Steve Clifford said he isn’t one to back down from challenges.
That might make him a good fit for Charlotte. The Bobcats are a long way from being a legitimate NBA playoff contender.
The team introduced Clifford as their new head coach at a press conference Wednesday. Clifford becomes the Bobcats’ sixth different coach since the 2006-07 season and inherits a team that went a combined 28-120 over the past two seasons, by far the worst record in the NBA.
”Steve has worked quite a few years in this league and we feel very positive with that with our young competitive core that he is the right fit for us,” said Rod Higgins, Bobcats president of basketball operations.
Clifford said after meeting with Higgins and general manager Rich Cho last week he feels confident they share the same vision for the Bobcats.
”When I met with them I left here thinking that the three of us could work very effectively together,” Clifford said.
His core players includes no big-time NBA stars, but rather young and developing players like four-year NBA veteran Gerald Henderson, second-year veterans Kemba Walker and Bismack Biyombo and last year’s rookie Michael Kidd-Gilchrist.
That may have scared some coaches away, but not Clifford.
He called that foursome ”above average competitors,” and said that’s exactly what he wants from his players.
”I think every coach in basketball has his own priorities in terms of judging players, but for me it starts with competitiveness and then skill level, in particular shooting,” Clifford said. ”Coach (Bill) Parcells once said he wanted guys who are competitive on their own without the aid of coaches and in this league when you’re playing four and five nights a week there aren’t many times you can address the group and have some magic word to get them to play hard.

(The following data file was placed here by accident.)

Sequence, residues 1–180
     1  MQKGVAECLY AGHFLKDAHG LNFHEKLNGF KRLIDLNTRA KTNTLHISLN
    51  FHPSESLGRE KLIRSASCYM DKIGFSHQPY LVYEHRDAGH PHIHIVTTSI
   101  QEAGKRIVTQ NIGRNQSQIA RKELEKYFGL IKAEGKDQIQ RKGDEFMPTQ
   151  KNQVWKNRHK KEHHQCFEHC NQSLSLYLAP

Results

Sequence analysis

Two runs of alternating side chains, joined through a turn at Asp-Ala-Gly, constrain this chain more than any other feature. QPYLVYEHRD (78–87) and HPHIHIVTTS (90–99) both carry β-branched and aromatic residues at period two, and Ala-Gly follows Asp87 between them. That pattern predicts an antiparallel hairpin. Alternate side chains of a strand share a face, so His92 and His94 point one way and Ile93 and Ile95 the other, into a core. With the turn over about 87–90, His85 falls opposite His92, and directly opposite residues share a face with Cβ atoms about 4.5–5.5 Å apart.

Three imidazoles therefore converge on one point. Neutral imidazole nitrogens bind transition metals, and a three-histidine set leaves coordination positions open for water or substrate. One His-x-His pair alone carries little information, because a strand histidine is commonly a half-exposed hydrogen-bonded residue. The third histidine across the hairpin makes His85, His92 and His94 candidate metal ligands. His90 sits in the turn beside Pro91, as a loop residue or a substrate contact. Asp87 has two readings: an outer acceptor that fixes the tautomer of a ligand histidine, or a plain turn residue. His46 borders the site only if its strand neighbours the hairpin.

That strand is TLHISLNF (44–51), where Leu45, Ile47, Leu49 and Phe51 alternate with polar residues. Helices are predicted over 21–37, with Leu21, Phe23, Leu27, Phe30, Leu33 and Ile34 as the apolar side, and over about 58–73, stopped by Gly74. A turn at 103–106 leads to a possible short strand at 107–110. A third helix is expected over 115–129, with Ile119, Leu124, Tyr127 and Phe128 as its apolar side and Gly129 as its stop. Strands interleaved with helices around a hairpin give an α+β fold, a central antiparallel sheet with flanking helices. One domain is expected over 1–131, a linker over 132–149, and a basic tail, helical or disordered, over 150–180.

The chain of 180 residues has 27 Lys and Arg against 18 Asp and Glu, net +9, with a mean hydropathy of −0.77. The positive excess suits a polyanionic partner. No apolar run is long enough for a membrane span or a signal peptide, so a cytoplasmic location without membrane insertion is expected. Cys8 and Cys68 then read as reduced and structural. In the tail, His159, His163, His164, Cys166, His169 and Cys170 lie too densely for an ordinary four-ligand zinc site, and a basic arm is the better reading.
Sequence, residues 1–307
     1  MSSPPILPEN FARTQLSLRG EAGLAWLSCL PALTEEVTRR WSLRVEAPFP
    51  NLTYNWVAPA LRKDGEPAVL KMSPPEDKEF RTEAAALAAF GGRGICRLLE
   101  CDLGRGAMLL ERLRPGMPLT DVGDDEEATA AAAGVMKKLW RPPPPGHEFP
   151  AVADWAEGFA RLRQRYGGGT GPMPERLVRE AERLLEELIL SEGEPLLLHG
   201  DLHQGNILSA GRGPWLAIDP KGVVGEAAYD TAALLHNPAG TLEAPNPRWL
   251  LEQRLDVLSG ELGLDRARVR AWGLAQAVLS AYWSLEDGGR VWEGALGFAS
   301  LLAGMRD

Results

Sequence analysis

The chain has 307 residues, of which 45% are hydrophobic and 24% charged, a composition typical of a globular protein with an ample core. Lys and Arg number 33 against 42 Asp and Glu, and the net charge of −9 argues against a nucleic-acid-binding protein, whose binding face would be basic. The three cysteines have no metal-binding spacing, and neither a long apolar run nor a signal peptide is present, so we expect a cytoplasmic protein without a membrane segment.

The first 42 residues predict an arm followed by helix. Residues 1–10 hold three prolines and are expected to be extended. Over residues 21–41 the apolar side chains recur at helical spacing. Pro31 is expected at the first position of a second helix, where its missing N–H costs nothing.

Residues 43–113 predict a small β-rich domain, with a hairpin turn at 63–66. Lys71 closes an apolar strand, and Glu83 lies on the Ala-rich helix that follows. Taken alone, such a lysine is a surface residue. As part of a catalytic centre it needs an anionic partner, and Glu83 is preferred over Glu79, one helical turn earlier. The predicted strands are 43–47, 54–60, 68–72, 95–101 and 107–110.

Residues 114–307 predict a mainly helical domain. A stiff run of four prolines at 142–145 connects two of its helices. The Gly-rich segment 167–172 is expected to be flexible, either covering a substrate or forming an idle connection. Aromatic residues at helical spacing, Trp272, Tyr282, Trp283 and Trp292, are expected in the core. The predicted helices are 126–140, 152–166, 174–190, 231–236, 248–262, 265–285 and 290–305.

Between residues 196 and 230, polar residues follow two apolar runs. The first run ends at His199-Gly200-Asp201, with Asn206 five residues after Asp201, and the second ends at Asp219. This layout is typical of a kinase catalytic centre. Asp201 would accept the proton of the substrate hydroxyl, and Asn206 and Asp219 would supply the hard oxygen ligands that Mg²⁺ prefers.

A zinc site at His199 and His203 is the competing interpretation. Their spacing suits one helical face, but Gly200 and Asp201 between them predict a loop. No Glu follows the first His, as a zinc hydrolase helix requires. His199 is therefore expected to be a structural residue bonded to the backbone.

”You either have the right kind of guys or you don’t. When you have young guys who are naturally competitive you have the opportunity to build the kind of culture that you want.”
Clifford said there will be an emphasis on improving the team’s defense, pointing out that the top six teams in overall defense this season all reached the quarterfinals of the NBA playoffs.
”Any good coach has a clear and definitive vision of how they want their team to play and practice — and I have that,” Clifford said. ”I have seen what the right amount of work and the right amount of communication can do for a team…. Yes, I am inexperienced (as a head coach), but I’m confident and I know how I want to do it.”
Clifford comes to Charlotte after spending last season as an assistant coach with the Los Angeles Lakers.
Prior to that he spent five seasons (2007-12) working as an assistant under Stan Van Gundy in Orlando. He was also as an assistant coach under Jeff Van Gundy with the Houston Rockets for four years and was an assistant with the New York Knicks for three seasons.
This is his first NBA head coaching job.
Jeff Van Gundy, who now works as a NBA television analyst, believes Clifford is up to the task of building the Bobcats into a competitive team. The Bobcats have only been the playoffs once and have never won a postseason game.
”Steve is the type of guy who can coach young teams that are rebuilding, teams on the verge of the playoffs and experienced teams, I really believe that,” Jeff Van Gundy said. ”I think he has great people skills and he’s a quality basketball coach.”
The Bobcats made the move to hire Clifford one day before he was slated for a second interview with the Milwaukee Bucks for their coaching vacancy.
Clifford replaces Mike Dunlap, who was fired after just one season.
”Anytime you make the tough decision to change you want, if at all possible, to address some of the things that you didn’t get from your prior” coach, Higgins said. ”We felt very good with making the change with Steve to adhere to some of the issues we might have had here, whether it’s on the court, in the locker room or trying to compete every night. … I think we’re getting close to becoming a very good team.”